How Detroit’s Chalfonte volunteer clean-up efforts are transforming their neighborhood

How Detroit’s Chalfonte volunteer clean-up efforts are transforming their neighborhood
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“It’ s not where you live, it’ s what you do where you live.” Al Addison.

“When Robinson and Addison walked the neighborhood later in the summer months, they found others joining the effort.”

Building Blocks

How Chalfonte volunteers clean-up efforts are transforming their neighborhood
By E. B. Allen

Like a sheriff and deputy, together they patrolled the streets.

But it wasn’ t outlaws Charles Robinson and Al Addison, the respective president and vice president of Chalfonte Neighborhood Awareness Group, were after. It was trash, overgrown grass, or anything else that gave the area bordered by Detroit’ s Fenkell and Lyndon Street, Livernois and Wyoming Avenues the appearance of neglect.

Then a funny thing happened. When Robinson and Addison walked the neighborhood later in the summer months, they found others joining the effort.

“Now, we notice there is less litter on the ground,” Addison says. “We were mowing the lawn, now other people were mowing the lawn. This was with no communication. People just joined in.”

The organic growth of one of the west side’ s most dynamic new block clubs has been one both Robinson and Addison have enjoyed watching. Having recently celebrated its one-year anniversary, the Chalfonte Neighborhood Awareness Group is drawing attention from both its residents and city officials, including Mayor Mike Duggan, who was recently joined by Gov. Rick Snyder at a roundtable in the community. The governor and mayor congratulated the volunteers on their dedicated efforts.

It was Duggan himself who indirectly inspired Chalfonte’ s formation, Robinson says.

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“I lived in an apartment in downtown Detroit,” he recalls, “and when Mike Duggan became mayor and was giving some of his speeches, I decided, ‘ Why not move down to one of the neighborhoods and do something to help improve it?’”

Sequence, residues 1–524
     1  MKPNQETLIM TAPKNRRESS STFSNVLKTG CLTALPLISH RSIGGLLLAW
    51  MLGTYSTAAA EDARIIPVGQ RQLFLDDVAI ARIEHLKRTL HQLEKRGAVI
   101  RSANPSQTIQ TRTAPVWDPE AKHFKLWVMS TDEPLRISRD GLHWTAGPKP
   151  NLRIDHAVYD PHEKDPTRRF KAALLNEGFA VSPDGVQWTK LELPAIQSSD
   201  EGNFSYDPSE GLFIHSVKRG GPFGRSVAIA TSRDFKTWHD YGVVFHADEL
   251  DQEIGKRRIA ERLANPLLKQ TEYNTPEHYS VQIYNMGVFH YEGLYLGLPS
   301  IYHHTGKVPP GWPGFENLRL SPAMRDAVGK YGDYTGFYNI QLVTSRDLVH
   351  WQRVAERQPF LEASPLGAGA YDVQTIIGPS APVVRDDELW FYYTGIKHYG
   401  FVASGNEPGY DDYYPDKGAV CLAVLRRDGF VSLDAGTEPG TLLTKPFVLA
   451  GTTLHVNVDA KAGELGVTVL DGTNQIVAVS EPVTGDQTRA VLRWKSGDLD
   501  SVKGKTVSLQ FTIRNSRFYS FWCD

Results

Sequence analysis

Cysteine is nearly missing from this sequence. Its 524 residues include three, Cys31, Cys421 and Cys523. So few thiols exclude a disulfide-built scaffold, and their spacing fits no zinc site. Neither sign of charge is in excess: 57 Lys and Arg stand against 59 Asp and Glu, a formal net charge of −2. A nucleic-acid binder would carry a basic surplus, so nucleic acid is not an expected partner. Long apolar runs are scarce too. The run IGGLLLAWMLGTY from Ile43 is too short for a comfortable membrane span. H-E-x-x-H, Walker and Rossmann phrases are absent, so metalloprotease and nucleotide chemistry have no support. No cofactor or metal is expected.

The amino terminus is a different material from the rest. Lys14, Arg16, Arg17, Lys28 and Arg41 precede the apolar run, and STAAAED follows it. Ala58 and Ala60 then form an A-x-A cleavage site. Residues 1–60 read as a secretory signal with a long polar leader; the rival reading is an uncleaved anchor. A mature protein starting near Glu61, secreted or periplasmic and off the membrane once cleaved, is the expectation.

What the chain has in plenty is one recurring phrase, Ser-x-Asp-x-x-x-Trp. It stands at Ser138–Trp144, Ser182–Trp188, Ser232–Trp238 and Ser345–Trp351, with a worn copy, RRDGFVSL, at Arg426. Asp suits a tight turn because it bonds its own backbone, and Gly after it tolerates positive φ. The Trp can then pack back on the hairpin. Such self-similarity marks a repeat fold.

Robinson began making renovations to his new home in June 2014 and then decided to try and rally the community by passing out a letter. Soon Addison joined him and the groundwork for an ongoing neighborhood effort was established. Meetings held among the residents have welcomed managers and deputy managers from Detroit’ s District 2, which encompasses the
neighborhood. Tim Horton’ s coffee shop on Wyoming Avenue and nearby BP and Valero gas stations have even supplied snacks and refreshments.

Robinson recently approached the Greening of Detroit about support for a beautification effort.

The result was 84 trees planted between Livernois and Wyoming in an October 17 outing fueled by 200 Greening of Detroit volunteers.

“They came, they brought their families, their kids,” says Addison. “It was fabulous.”

But both Robinson and Addison, who has resided in and out of the neighborhood since 1967, say they know the responsibility for its upkeep rests with those living there, whether renters or homeowners. The first meeting of 2015 drew about 12 residents, the most recent drew 30. “

It’ s not where you live, it’ s what you do where you live,” says Addison. Having watched the neighborhood for decades, he adds he’ s encouraged about Chalfonte’ s future as a change agent.

“I sense some movement,” he says, “and the movement is hope.”

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